Mac Gems: Instacast for Mac makes listening to podcasts a pleasure
At a Glance
Instacast 1.0.1 for Mac
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If you listen to podcasts, Instacast belongs on your Mac, particularly if you find yourself switching between devices when you're on the go.
I never though I’d say this when I first listened to a podcast, many years ago, but I love podcasts. Each week I listen to a dozen or so different shows, some produced by friends, and others by celebrities of various caliber.
Apple offers a couple apps that are supposed to make it easy to listen to podcasts: iTunes on the desktop, and the appropriately-named Podcasts on iOS. Alas, these two apps might as well have been developed by two different companies, because making them work in tandem—particularly when it comes to syncing episodes between them—is, well, complicated.
Since I could never make Apple’s own software work well, a while back I switched to Vemedio’s Instacast for iOS for listening on my iOS devices. I’ve been very happy with it, so I was pleased when the software finally made its way to OS X in the form of Instacast for Mac.
Instacast looks exactly like I think a podcast app should. Its main interface takes a cue from recent versions of Apple’s Mail, dividing the screen in three vertical panes: On the left is a list of the podcasts you subscribe to; in the middle is a list of available episodes for the selected show; and on the right is information about the selected episode.
That’s pretty much the entire interface. Unlike iTunes, which has grown over the years into an agglomerate of half a dozen different apps worth of features, Instacast does one thing and does it exceptionally well. Even better, when you want it out of the way, the window minimizes in a convenient mini player that, much like iTunes’s, can be safely stashed away in a corner without closing the app. (Alas, there’s no way to remove Instacast’s icon from the Dock, which would make it even more discrete.)
In addition to playing back individual episodes of a podcast, Instacast allows you to organize episodes in a couple interesting ways. The first is to create playlists of episodes from your subscriptions. This feature essentially lets you create your own talk-radio station filled with your favorite podcasts.
The second is to create smart lists that automatically aggregate episodes based on criteria you define. For example, you can pull together all the episodes you haven’t finished listening to, or just those that have been added recently.
By default, only the most-recent episode of each subscribed podcast is downloaded to your computer—if you play an older episode from your subscription list, that episode is streamed from the Internet. However, you can choose to have Instacast automatically download older episodes for offline access; the app lets you limit the total amount of drive space it uses, deleting older episodes to make room for new ones.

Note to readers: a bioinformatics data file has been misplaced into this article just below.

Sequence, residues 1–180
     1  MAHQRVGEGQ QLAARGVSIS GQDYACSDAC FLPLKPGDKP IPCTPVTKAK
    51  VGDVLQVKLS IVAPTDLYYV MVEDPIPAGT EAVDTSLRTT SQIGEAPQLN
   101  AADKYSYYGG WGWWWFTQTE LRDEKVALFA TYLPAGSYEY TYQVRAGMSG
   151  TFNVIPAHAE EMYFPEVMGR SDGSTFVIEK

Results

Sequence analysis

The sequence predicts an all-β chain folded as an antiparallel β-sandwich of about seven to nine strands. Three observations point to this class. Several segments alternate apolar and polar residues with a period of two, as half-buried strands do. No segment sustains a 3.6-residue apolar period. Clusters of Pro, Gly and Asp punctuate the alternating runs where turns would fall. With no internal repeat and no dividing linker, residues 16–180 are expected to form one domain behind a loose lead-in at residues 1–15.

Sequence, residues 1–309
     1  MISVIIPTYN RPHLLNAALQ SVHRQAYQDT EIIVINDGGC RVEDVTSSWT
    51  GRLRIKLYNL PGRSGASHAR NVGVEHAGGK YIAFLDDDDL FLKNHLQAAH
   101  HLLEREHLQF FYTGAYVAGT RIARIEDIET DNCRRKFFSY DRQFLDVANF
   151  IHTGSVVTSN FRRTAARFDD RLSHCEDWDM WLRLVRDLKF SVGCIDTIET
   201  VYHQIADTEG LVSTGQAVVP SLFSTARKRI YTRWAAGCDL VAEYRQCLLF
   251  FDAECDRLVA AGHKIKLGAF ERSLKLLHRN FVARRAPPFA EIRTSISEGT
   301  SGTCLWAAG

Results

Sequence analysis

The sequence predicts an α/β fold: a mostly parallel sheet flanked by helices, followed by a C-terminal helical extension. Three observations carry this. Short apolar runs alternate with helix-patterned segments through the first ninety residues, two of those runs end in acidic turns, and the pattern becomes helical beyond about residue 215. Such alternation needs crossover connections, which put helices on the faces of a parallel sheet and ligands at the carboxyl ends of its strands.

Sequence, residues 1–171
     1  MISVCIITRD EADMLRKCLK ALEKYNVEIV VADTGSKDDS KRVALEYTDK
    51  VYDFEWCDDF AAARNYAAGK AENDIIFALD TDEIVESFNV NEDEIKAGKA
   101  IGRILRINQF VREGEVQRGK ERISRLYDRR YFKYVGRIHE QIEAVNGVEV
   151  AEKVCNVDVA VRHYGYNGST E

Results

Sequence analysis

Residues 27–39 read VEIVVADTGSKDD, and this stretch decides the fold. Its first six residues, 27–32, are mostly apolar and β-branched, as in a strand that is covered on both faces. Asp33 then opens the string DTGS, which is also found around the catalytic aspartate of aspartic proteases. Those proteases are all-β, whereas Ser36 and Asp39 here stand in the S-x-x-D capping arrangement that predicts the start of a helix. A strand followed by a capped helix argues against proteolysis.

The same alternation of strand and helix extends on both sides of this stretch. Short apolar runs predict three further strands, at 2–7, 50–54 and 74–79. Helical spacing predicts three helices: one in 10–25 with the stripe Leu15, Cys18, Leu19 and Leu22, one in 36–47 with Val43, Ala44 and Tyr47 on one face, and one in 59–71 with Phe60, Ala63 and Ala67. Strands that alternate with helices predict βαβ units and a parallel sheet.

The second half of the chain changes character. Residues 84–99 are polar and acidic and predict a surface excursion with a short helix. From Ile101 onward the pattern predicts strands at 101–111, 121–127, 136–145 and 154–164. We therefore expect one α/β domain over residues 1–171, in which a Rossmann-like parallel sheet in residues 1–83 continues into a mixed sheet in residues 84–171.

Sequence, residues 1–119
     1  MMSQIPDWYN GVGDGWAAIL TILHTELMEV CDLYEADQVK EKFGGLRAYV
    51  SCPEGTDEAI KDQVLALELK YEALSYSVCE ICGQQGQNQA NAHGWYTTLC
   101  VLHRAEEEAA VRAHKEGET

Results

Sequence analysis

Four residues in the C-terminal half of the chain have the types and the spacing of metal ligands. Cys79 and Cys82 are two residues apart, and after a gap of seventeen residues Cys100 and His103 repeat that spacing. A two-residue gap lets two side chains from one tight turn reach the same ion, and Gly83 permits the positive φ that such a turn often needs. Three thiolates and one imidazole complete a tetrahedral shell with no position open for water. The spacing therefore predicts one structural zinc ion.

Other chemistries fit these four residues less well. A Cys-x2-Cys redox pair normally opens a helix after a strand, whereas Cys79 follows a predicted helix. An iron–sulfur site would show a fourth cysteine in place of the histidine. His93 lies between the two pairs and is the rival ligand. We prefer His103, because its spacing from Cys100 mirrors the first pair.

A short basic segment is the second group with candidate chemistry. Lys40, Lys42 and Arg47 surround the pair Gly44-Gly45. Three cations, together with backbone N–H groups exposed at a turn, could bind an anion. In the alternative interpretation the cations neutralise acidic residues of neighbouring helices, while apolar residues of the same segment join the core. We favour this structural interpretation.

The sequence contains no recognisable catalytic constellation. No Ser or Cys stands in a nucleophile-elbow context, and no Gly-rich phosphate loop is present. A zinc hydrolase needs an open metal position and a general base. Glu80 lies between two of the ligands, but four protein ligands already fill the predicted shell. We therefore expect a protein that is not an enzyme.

Instacast’s sharing features include support for Twitter, App.net, email, iMessage, and a few additional Web services. You can also connect to your account on the micropayment site Flattr to provide small donations to each podcast’s producers when you listen to their work.
Unfortunately, Instacast doesn’t include any kind of social-oriented discovery features, which is a shame. When adding a new podcast, you can choose from a number of different groups, or search for a specific show, but there’s no way to find podcasts that your friends are listening to (or watching). That would be a convenient way to discover new shows, particularly considering how tightly Apple has been integrating various social-media networks into OS X and iOS.
One area where Instacast especially shines is syncing across devices. Through a feature aptly named Instacast Cloud, which is free to to all registered users, you can sync subscriptions, episodes, and playback status across multiple copies of the app on any supported platform. Once you've provided your Instacast Cloud username and password, everything is handled automagically.
I’ve used this feature ever since the initial public beta of Instacast for Mac, and it has worked flawlessly. I can, for example, stop playback of the latest episode of the Macworld Podcast on my laptop, step outside for a walk, and launch Instacast for iOS to pick up immediately where I left off. The feature works without a hitch, and it’s free—what more could you ask for?
On its own, Instacast is a great app that deserves a spot on your Mac if you listen to podcasts. It’s been deliberately designed to provide all the important features you need without overloading you with needless extras. Coupled with its iOS counterparts, however, Instacast is an absolute pleasure to use. The sync feature is powerful and automatic, letting you jump seamlessly between devices, perfectly matching today’s mobile lifestyles.